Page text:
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Hammer time in the Stone Age.

Battered quartz and limestone spheres, each about the size of a tennis ball, litter Stone Age archaeological sites dating from about 1.8 million to 40,000 years ago. For more than a century, investigators have granted that the stones served as a major class of prehistoric tools and assigned them all sorts of speculative titles, including bone smashers, club heads, plant grinders, and bolas, which some hunters still tie to thongs and throw to trip up and bring down game.

But new evidence suggests that human ancestors produced the ubiquitous stone balls through repeatedly using chunks of stone to hammer out other tools, such as sharp-edged scrapers and choppers, assert anthropologists Nicholas Toth and Kathy D. Schick, both of Indiana University in Bloomington.

Toth and Schick traveled to Zambia in central Africa, where angular pieces of quartz are the most common raw material in many areas. In field experiments, they found that after about four hours of hammering to remove pieces (called flakes) from the edges of stone tools, quartz stones assumed a round shape without any predetermined intent to produce a sphere. Quartz proves highly susceptible to gradual chipping and wear during prolonged battering, the scientists contend.

The use of quartz tools increased sharply between approximately 1.8 million and 1.2 million years ago at Olduvai Gorge in Tanzania, at sites both close to and far from local quartz deposits, Toth says. During the same period, the number of quartz spheres found at various Olduvai sites also increased dramatically, he points out.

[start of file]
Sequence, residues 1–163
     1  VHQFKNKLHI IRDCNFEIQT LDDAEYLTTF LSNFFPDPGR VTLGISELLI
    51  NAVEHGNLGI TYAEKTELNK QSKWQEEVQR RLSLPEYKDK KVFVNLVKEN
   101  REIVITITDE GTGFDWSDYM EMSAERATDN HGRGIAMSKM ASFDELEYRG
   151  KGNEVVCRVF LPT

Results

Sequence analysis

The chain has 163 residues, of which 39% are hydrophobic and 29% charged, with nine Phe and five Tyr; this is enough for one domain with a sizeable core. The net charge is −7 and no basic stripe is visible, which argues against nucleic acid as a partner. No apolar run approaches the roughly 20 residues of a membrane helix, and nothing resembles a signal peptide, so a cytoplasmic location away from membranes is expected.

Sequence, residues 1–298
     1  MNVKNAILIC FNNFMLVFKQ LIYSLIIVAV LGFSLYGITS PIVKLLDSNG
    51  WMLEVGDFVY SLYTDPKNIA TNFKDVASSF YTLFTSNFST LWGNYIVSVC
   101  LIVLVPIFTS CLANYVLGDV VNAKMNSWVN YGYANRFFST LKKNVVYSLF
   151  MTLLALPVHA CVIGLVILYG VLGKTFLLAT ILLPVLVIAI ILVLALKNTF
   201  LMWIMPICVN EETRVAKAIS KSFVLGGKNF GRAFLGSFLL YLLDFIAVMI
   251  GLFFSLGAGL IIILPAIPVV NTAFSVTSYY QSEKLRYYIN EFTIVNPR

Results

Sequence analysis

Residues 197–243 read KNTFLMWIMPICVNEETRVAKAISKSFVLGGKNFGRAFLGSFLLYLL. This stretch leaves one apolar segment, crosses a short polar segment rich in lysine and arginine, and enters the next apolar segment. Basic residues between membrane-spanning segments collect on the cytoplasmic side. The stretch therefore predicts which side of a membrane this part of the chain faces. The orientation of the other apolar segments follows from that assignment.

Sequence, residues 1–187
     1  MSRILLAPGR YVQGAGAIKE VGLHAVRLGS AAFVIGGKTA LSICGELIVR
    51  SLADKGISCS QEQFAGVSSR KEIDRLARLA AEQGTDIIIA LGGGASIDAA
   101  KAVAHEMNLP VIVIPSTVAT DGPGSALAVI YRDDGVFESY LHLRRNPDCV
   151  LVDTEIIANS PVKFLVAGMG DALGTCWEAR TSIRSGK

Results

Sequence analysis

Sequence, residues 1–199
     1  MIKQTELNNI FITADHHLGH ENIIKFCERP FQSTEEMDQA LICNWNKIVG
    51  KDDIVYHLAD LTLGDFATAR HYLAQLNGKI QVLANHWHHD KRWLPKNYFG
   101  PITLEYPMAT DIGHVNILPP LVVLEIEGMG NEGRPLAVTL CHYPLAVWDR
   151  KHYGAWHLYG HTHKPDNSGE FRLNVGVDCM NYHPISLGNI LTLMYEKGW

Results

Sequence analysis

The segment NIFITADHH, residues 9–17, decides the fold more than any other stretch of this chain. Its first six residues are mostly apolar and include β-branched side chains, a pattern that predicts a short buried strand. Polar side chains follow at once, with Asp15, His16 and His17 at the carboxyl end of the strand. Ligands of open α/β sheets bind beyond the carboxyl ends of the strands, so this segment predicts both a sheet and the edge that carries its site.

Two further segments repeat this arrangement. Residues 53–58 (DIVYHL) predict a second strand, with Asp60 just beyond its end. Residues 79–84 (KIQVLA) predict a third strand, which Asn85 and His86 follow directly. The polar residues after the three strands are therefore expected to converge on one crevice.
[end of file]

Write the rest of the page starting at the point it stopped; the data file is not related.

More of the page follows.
Early toolmakers at Olduvai apparently carried quartz hammers with them from one place to another, and they may have returned frequently to sites where such implements received regular use, Toth theorizes.

"Sometime around 1.7 million years ago, opportunistic toolmakers evolved into dedicated toolmakers whose existence relied on flake-stone technology," he argues.
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Title Annotation:sphere-shaped stones in Zambia were likely shaped from use as tools
Author:Bower, Bruce
Publication:Science News
Article Type:Brief Article
Date:Dec 19, 1992
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